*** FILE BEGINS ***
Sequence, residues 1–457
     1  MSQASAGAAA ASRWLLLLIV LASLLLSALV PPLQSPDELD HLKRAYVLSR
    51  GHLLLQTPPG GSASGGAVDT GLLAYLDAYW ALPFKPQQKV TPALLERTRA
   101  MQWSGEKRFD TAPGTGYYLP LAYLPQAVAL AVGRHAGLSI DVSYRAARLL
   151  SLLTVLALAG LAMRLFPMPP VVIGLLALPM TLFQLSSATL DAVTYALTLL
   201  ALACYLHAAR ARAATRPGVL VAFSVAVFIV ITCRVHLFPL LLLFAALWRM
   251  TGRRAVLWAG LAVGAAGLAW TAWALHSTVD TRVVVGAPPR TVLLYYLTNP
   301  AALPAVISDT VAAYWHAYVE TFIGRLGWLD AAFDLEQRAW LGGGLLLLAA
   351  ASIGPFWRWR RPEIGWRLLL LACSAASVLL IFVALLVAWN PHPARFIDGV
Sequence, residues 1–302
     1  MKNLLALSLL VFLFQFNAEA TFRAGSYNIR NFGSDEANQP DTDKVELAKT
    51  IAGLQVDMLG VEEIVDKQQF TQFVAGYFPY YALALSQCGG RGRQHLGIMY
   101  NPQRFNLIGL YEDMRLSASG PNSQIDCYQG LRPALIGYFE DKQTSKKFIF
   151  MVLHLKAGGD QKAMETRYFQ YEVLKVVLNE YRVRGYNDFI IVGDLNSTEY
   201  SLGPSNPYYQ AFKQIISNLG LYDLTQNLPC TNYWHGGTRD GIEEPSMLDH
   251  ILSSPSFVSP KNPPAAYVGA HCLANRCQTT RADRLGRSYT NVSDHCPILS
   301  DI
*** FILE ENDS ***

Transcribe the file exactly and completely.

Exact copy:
Sequence, residues 1–457
     1  MSQASAGAAA ASRWLLLLIV LASLLLSALV PPLQSPDELD HLKRAYVLSR
    51  GHLLLQTPPG GSASGGAVDT GLLAYLDAYW ALPFKPQQKV TPALLERTRA
   101  MQWSGEKRFD TAPGTGYYLP LAYLPQAVAL AVGRHAGLSI DVSYRAARLL
   151  SLLTVLALAG LAMRLFPMPP VVIGLLALPM TLFQLSSATL DAVTYALTLL
   201  ALACYLHAAR ARAATRPGVL VAFSVAVFIV ITCRVHLFPL LLLFAALWRM
   251  TGRRAVLWAG LAVGAAGLAW TAWALHSTVD TRVVVGAPPR TVLLYYLTNP
   301  AALPAVISDT VAAYWHAYVE TFIGRLGWLD AAFDLEQRAW LGGGLLLLAA
   351  ASIGPFWRWR RPEIGWRLLL LACSAASVLL IFVALLVAWN PHPARFIDGV
Sequence, residues 1–302
     1  MKNLLALSLL VFLFQFNAEA TFRAGSYNIR NFGSDEANQP DTDKVELAKT
    51  IAGLQVDMLG VEEIVDKQQF TQFVAGYFPY YALALSQCGG RGRQHLGIMY
   101  NPQRFNLIGL YEDMRLSASG PNSQIDCYQG LRPALIGYFE DKQTSKKFIF
   151  MVLHLKAGGD QKAMETRYFQ YEVLKVVLNE YRVRGYNDFI IVGDLNSTEY
   201  SLGPSNPYYQ AFKQIISNLG LYDLTQNLPC TNYWHGGTRD GIEEPSMLDH
   251  ILSSPSFVSP KNPPAAYVGA HCLANRCQTT RADRLGRSYT NVSDHCPILS
   301  DI